Often when he was alone, Casolaro would hear strange sounds. The humming and whirring that a computer might make. At home, different hotels in different cities. He’d be going over his notes, working on his book when he would stop his own noises of pen moving across paper, the click-clacking of the typewriter, and hear the sound. I’m just hearing stuff, he thought, maybe there’s something wrong with my ears, maybe it’s mind residue from Computer Age. Sometimes in a hotel room, paranoid and running low on sleep, he’d throw down his pen and move his ear against the wall, up and down, left and right, a spider fleeing an incoming boot.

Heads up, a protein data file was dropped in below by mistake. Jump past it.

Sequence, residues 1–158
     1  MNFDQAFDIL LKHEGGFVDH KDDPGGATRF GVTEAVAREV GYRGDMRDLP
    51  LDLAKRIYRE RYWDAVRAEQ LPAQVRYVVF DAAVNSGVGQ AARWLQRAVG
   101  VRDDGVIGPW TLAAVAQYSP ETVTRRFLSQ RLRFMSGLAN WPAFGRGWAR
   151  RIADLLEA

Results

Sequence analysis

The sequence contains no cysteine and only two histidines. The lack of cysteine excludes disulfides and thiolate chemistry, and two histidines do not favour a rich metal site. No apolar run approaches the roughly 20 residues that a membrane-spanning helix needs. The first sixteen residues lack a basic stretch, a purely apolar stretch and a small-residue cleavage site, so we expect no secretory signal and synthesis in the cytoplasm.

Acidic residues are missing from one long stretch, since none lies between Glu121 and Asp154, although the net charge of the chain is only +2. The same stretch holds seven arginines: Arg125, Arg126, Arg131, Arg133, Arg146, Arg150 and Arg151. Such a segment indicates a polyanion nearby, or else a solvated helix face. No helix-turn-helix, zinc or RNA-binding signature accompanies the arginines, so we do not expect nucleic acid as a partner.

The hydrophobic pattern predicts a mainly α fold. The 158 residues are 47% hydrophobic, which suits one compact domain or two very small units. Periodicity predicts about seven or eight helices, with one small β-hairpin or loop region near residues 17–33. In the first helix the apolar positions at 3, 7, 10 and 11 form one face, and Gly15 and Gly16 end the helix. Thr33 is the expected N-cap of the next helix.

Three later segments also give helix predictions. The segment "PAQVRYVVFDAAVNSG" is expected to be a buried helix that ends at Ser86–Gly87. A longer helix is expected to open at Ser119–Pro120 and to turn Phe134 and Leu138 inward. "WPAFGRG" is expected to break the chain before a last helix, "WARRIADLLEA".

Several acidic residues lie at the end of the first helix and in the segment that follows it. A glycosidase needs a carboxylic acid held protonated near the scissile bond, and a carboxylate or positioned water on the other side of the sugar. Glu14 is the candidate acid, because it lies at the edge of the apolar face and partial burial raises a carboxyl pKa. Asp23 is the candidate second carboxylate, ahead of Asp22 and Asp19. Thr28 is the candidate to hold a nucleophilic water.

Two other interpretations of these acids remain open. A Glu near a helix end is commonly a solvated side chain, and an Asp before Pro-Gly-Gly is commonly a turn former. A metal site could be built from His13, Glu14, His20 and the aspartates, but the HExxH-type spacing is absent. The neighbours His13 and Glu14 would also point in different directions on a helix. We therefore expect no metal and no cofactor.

The sound gained in strength as he got closer to the truth, closer to his death. The phantom computer seemed to be calculating more equations, algorithms—perhaps it was artificial intelligence, gaining in sentience. He had to abandon a strategy he’d developed—listen to music on headphones—because he was afraid he wouldn’t hear someone coming to kill him.
He’d lie awake at night, still hearing the humming and whirring, the ongoing tick of the clock marking time, propelling him into the future.